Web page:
As most of us learned early in elementary school, July 4 is remembered as the day that we celebrate U.S. independence from England.  

It’s a day that celebrates the liberties and freedoms we have.  

Regrettably for minority groups, the date is not without its ironies. For example, even with their enthusiastic patriotism, anchored in the U.S. War of Independence itself, it’s been a long, hard-fought struggle for Mexican-descent people. For instance here in Texas, they had to wait until 1954 to enjoy the guarantees of the U.S. Constitution.  

That’s when the U.S. Supreme Court (Class Apart Decision) forced the State of Texas to stop its intolerant policies toward Mexican-descent citizens. Yet, the fight for inclusion continues.   

Photo courtesy of Sylvia Mendez.

Sadly, throughout the Southwest, generations of Mexican descent children have been treated in the classroom as strangers in their own land. That is, from Texas to Colorado to California, the land first occupied by their Native American forebears and whose first European-style towns were settled by their pioneer Spanish Mexican ancestors. Lamentably, few of them know the true history of the Southwest. To say it’s been a struggle to make history more inclusive is truly an understatement.

Last year, a federal judge ruled that teaching Mexican American Studies (MAS) lessons in the Tucson Unified School District classrooms is protected by the U.S. Constitution’s 14th Amendment. The ruling was in favor of Tucson Mexican-descent families who faithfully fought the good fight and won against the evils of intolerance.

Likewise, closer to home, diverse groups of educators, parents, students, and supporters have been fighting discrimination in the classroom for many years here in Texas. 

Make no mistake, all those involved are intrepid justice warriors in every sense of the word. That is the reason why it’s important, given the uncertainty in our country where bigotry is on the rise.  

With all due respect to countless equal education efforts from Texas to California, I began the discussion with the Tucson case because it deserves special mention. Embarking on an uncertain journey, the Tucson MAS supporters refused to be intimidated by the domineering Anglo-controlled school system. Through their victory, they delivered “justice for all”, mustering incredible levels of perseverance over their seven-year ordeal.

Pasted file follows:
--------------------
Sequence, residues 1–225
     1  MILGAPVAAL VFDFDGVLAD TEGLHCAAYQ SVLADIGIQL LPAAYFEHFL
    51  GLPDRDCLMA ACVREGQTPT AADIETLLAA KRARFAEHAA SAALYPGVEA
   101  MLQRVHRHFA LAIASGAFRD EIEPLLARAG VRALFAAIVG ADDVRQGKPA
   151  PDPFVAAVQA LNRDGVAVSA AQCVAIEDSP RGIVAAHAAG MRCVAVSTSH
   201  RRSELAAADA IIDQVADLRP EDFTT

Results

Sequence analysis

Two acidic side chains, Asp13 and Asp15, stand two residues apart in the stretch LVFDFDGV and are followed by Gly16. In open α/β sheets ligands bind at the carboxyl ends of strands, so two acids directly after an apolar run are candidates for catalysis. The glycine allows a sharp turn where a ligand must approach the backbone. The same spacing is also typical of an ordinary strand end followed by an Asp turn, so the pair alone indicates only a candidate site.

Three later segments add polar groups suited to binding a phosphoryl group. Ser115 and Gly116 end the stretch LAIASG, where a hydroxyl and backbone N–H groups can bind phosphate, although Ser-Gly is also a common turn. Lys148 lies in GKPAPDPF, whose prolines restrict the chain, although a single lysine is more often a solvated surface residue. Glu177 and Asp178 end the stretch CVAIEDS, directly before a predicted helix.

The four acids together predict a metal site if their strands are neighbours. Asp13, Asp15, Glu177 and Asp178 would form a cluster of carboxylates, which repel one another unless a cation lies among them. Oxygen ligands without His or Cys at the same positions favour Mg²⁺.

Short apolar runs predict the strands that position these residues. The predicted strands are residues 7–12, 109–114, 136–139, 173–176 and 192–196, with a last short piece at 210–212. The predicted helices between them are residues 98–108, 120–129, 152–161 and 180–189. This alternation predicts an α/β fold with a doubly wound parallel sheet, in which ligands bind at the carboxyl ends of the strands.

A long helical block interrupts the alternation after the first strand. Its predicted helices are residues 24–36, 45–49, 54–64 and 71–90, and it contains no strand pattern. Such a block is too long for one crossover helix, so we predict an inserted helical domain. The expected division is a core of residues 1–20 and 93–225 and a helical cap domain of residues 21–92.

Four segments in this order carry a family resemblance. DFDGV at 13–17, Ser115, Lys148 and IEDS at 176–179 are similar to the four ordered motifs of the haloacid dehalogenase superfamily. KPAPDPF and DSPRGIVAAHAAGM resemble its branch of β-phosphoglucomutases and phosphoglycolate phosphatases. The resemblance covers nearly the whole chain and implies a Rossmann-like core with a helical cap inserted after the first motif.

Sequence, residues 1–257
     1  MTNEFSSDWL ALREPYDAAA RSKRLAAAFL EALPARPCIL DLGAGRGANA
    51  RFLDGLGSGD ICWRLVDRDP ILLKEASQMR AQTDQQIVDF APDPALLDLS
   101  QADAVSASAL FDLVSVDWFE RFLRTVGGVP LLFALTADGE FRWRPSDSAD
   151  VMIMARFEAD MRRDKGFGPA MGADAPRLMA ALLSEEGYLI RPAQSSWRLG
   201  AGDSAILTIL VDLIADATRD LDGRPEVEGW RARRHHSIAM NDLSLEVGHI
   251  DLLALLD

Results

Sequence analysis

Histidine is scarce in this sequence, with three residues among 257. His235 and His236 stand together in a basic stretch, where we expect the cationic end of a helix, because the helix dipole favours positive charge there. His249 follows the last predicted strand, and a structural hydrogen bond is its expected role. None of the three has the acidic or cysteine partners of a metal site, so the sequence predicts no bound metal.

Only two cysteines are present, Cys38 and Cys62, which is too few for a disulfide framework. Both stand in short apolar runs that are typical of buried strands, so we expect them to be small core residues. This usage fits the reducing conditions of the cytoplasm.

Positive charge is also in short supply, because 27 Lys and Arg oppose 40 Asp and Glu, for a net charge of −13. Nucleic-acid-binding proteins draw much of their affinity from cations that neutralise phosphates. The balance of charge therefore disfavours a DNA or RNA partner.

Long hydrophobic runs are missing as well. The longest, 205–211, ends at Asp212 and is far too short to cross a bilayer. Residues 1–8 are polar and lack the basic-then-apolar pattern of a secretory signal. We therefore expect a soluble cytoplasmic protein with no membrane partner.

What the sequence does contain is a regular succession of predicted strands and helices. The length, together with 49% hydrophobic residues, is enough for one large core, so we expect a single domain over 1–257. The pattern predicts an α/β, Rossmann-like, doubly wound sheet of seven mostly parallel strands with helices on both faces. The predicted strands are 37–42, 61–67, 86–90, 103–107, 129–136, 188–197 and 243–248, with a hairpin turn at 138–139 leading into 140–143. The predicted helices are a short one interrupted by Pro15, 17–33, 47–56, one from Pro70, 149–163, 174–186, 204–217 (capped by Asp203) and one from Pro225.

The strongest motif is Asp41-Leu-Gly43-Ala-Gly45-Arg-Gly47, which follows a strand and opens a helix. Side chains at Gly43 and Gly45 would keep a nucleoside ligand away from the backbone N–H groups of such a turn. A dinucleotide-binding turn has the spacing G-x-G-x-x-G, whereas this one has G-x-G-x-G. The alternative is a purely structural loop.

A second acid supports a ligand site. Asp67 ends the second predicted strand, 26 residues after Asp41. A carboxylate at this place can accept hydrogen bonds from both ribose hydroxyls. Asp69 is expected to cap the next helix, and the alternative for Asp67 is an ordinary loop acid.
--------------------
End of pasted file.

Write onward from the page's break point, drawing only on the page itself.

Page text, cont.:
Explicitly, the court decision:

(a) confirmed the fact that since 1848, Spanish Mexican-descent citizens have been denied equality within mainstream educational programs throughout the Southwest; 

(b) Declared as intolerant the anti-MAS Program policies implemented by Tucson public school officials; and 

(c) Targeted associated legislation crafted by the Arizona governor and senior state officials as being solely motivated by racial (ethnic) bias. 

So easily discarded by mainstream Anglo society as teaching “foreign” history, the Spanish- Mexican-native links to the land are compelling. To illustrate, present-day Spanish Mexican (mestizo)-descent students in Tucson (and Arizona) trace their lineage to the first paleo clans and Hohokam tribes to live in Arizona.  

Although family oral history traditions assure the students that their long history matters, the lessons they are taught in the classroom treat them as foreigners in their own homeland. Feeling ostracized and rejected, a lot of them quit school in disgust. That’s exactly the problem the Tucson MAS activists wish to attack and defeat. Even so, the Tucson case is only the latest of a long list of obstacles Southwest people have faced head-on and overcome.  

Albeit, following is a brief discussion of three cases:  the Tucson MAS victory, California’s Mendez v. Westminster court decision, and the multi-faced Texas MAS example.  

(l) Tucson’s MAS quest began in 2010 when the Arizona governor signed into law a bill designed primarily to stop MAS from being taught in the classroom. Using police-state tactics reminiscent of 1930s Germany, officials confiscated certain books from classroom shelves. To convey fear in students themselves, the books were removed while classes were in session. 

The good news? On August 22, 2017 a federal court decision allows young Mexican-descent children to learn about their Southwest pre-1848 ancestors in the classroom. They will now hear through their lessons that they are not “strangers in their own homeland.” In truth, that’s all the fight was about. Nothing more, and nothing less.